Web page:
Hometown: Fremont, CA and Bangalore, India
Education: Stanford ’14
Affiliations: Founder, BRAIV; Artistic Director, Womxn of Color Collective; Student Board Member, Family Violence Appellate Project
After college I worked at a community health clinic in Washington, DC. My initial role was as a case manager for pregnant and new mothers. But I quickly realized that a large number of the women that I worked with were domestic violence survivors. Many of these women were ready to leave their abusive relationships, seek legal protection and custody of their children, but almost never had a lawyer to guide them through the complicated maze of court processes.
So, I started helping them find resources. I liaised with court social workers, hospitals, and shelters, and helped them apply for restraining orders in family court. Eventually, the health clinic I worked for recognized my passion for supporting survivors of domestic violence and supported me in starting an advocacy program. Through that program I trained medical staff to recognize the impacts of domestic violence, developed screening tools, connected with local government agencies and advocacy groups, and designed educational materials to raise community awareness.
But even with the support of health clinics and advocacy groups like the one I worked for, the lack of legal resources, especially for immigrant and low-income survivors, made it incredibly challenging for these women to escape abusive environments and get the protection they needed. This is what inspired me to apply to law school and pursue domestic violence law as a career.
Professor Nancy Lemon, who has done groundbreaking work in domestic violence law, was one of the reasons I wanted to attend Berkeley Law. She has been an incredible mentor and has connected me to various people in the local domestic violence space. This includes Family Violence Appellate Project, founded by former Berkeley Law students, for which I am currently a Board Director.
My desire to bring innovative energy into the domestic violence field inspired me to start BRAIV (Berkeley Resistance Against Inter-Partner Violence) this year.
In my work before law school, as well as during my summer internship at Bay Area Legal Aid’s Domestic Violence Unit, I recognized that most survivors are forced to attend court hearings, an intimidating and foreign world, completely alone. After years of abuse, they are often isolated from social networks when their abusers manipulate and sever their connections to family and friends. In contrast, abusers often have private counsel and bring in a whole posse of people, partly just to intimidate the victim in court. Abuse of the litigation system can stimulate a re-traumatizing, second cycle of abuse that happens after separation, when the victim is simply trying to get a civil stay-away order, that does not involve criminal prosecution, or to get partial custody of their kids. The fantastic team of BRAIV students is currently focused on organizing court watches to enable law students to attend these trials and be present to support these survivors in court.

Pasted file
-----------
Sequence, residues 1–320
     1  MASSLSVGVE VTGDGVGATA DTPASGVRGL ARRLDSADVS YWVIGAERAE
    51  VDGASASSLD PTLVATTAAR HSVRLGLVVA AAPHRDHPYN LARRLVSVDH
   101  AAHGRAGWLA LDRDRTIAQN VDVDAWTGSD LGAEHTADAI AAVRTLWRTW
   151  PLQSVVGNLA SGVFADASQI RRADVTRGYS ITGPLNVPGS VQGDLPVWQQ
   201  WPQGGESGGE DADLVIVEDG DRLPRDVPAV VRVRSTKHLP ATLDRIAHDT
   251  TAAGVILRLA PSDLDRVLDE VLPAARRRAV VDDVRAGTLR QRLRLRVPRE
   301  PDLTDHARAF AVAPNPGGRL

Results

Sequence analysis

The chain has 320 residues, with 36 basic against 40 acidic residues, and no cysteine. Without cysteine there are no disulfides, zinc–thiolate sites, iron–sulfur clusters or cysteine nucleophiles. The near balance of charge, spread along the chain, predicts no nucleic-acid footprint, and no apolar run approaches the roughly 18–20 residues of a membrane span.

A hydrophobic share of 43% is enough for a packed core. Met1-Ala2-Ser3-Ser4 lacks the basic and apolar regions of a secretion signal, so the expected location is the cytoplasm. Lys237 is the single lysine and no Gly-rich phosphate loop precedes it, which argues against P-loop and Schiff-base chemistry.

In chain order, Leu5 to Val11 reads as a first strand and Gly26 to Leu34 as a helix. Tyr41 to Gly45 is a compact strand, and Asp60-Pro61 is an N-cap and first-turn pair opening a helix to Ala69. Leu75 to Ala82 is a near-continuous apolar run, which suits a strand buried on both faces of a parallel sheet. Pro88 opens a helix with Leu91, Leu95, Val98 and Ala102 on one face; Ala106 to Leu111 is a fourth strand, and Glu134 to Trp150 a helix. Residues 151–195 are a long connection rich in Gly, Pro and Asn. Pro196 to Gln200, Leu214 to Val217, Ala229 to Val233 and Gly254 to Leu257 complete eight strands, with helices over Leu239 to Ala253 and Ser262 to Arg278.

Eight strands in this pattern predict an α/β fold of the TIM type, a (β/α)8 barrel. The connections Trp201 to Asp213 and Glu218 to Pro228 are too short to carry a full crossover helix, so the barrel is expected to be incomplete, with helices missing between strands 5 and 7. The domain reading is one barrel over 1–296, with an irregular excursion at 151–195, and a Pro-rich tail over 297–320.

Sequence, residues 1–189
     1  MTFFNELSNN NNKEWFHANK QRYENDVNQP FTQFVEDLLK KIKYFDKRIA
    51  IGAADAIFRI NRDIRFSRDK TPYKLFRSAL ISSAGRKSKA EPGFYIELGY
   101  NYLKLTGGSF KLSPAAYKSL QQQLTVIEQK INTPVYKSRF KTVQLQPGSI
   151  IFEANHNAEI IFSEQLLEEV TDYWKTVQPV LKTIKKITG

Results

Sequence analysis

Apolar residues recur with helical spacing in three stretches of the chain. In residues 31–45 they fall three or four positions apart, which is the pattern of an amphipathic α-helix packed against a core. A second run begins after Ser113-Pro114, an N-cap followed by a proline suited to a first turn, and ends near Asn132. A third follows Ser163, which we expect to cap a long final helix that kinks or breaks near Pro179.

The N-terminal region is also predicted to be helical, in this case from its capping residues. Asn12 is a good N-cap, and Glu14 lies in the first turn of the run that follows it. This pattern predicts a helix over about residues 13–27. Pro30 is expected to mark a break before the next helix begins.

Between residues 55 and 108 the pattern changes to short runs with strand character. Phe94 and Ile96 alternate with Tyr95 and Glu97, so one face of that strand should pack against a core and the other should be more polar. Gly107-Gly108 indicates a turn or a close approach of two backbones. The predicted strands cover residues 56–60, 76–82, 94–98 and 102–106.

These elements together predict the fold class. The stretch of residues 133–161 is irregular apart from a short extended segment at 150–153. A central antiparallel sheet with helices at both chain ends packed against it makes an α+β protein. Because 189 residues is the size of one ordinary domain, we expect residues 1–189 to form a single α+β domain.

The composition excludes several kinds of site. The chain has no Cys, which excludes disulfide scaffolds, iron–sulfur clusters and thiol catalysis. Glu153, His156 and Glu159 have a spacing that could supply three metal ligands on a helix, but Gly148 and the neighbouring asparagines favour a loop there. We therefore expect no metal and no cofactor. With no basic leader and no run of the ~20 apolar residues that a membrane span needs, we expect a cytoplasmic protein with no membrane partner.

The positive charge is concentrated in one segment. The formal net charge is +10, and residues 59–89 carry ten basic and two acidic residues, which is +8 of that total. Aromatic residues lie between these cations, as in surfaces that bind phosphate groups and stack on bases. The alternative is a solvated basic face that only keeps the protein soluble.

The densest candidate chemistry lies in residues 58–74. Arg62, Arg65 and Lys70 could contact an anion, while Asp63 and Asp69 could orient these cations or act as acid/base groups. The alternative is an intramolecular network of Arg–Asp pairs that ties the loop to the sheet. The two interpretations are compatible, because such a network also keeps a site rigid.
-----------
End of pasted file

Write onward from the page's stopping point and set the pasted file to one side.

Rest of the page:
Another goal of BRAIV is to promote court accountability. There are numerous survivor-friendly laws in California. But the reality is that a lot of family law judges and court administrators aren’t familiar with many of these laws, or misapply them, and ultimately are not able to prevent the litigation abuse that happens in courtrooms. BRAIV is also working to raise awareness on domestic violence within the law school community. We organized a host of events for DV Awareness Month last October, and are planning several on-campus trainings this semester.
Ultimately, I want BRAIV to be an advocacy group that recognizes the importance of intersectionality. This includes focusing on supporting what survivors want instead of criminalizing and punishing abusers. Recognizing that traditional ways of seeking support for survivors are very different when you’re a woman of color, when you’re queer, when you’re poor, when you don’t speak English. Batterers can be women; victims can be men. Maybe the best solutions don’t even need to involve courts at all, or instead involve more community voices. Many victims end up being unfairly incarcerated for crimes their abusers force them to commit under duress. There’s a whole world of complexities that relate back to domestic violence, in which we, as diverse, creative law students and future lawyers, can truly make a difference.